Development / Tools

Next.js 11: The ‘Kubernetes’ of Frontend Development

23 Jun 2021 8:35am, by

Vercel, the creator of the popular Next.js React and JavaScript framework, recently introduced Next.js 11, the latest version of the framework with new features to accelerate performance and developer collaboration.

New in Next.js 11 are features providing developers with faster starts and changes, real-time feedback, instantaneous live collaboration and significant image optimization enhancements, said Guillermo Rauch, CEO and co-founder of Vercel and co-creator of Next.js.

At the recent Next.js Conf 2021, Vercel introduced a preview of Next.js Live, which enables Next.js to run entirely inside the web browser.

“Next.js Live is our system for making development basically real-time, not just real-time for yourself — like seeing your changes happen in like 10 milliseconds — but also for the rest of your team seeing the change that you’re making on their screen,” Rauch told The New Stack. “Ten milliseconds is our internal sort of deadline for you make a change and how quickly you should see it on the screen.”

The main innovation behind this is that Vercel has placed the entire dev server technology, that before lived in a node process on your local machine, entirely in the web browser, Rauch said.

“So, all the technology for transforming the front-end UI components is now entirely ‘dogfooded’ inside the web browser, and that’s giving us the next milestone in terms of developer performance,” he said. “It makes front-end development multiplayer instead of single player.”

Moreover, by tapping into ServiceWorker, WebAssembly and ES Modules technology, Vercel makes everything that’s possible when you run Next.js on a local machine possible in the context of a remote collaboration. Next.js Live also works when offline and eliminates the need to run or operate remote virtual machines.

Meanwhile, the Aurora team in the Google Chrome unit has been working on technology to advance Next.js and has delivered Conformance for Next.js and the Next.js Script Component.

Rauch described Conformance as a co-pilot that helps the developer stay within certain guardrails for performance.

Conformance for Next.js is a system that provides carefully crafted solutions and rules to support optimal loading, said Shubhie Panicker, tech lead of the Web Platform at Google, during a Next.js Conf keynote.

“As a developer, Conformance means that you are free from having to memorize lots of complicated rules for loading performance and keeping up with the changing landscape,” she said. “You can think of Conformance as a compiler, like TypeScript — following the rules is constraining, but in a way that builds confidence because it ensures predictable outcomes. It makes teams productive and becomes essential as features increase and teams scale.”

Conformance is a combination of ESLint rules and runtime checks and development, Panicker said.

“Conformance is how we are open-sourcing the system that we use at Google,” she said. “We are early in this journey and are looking to evolve the technology with feedback from the community.”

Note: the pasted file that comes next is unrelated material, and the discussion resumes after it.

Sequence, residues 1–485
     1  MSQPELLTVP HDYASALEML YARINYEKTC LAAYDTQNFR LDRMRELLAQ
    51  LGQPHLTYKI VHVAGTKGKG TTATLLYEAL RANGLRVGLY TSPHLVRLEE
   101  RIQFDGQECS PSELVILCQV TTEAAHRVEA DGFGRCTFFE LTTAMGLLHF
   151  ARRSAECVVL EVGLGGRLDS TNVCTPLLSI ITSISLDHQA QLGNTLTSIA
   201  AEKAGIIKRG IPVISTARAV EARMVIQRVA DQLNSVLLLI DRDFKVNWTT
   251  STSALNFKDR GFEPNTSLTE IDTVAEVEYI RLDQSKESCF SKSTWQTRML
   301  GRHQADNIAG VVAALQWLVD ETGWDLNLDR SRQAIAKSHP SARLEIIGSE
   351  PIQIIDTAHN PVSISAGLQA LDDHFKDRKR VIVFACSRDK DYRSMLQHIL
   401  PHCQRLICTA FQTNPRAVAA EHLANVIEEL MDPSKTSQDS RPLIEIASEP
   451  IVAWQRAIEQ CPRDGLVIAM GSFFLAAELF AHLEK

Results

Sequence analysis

Rauch compared Conformance to Kubernetes in that both came out of internal projects at Google.

“If you look at it in the context of the entire sort of cloud native space and the role that Kubernetes plays there, there’s a growing, credible case that Next.js is sort of becoming the Kubernetes of the front-end space,” he said. “It has a ton of momentum behind it in terms of the partnerships with Google and Facebook putting a lot of resources behind it, and also the ecosystem-wide investments into integrations and improvements.”

In addition, like Kubernetes came from all the lessons Google learned from Borg, Google is now offering the lessons learned from their Conformance systems internally to frameworks like Next.js to help with loading performance, Rauch said.

The Next.js Script Component is another optimization from Google that improves loading performance by enabling developers to set the loading priority of third-party scripts, Rauch said.

“Developers often struggle with where to put third-party scripts in their application for optimal loading,” said Houssein Djirdeh, a developer relations engineer in the Web Platform group at Google, during a Next.js Conf keynote. “With this new script component, developers need only define the strategy property and Next.js will prioritize. This can massively improve loading performance.”

The new script component enables three different loading strategies: before-interactive, for scripts such as security and authentication that need to be fetched and executed before the page is interactive; after-interactive, for scripts such as tag managers and analytics that can fetch and execute after the page is interactive; and lazy-onload, for scripts such as chat support widgets that can wait to load last during idle time, Djirdeh said.

“At Google Chrome, we believe our collaboration with Next.js is an example of how to set predictable outcomes for loading performance,” he said. “After wrestling with potential solutions for the browser, we’ve come to realize that frameworks were the missing piece to the solution… We love working with great frameworks to help developers make the web faster.”

Other new features in Next.js 11 include font enhancement automations, image enhancements and more.

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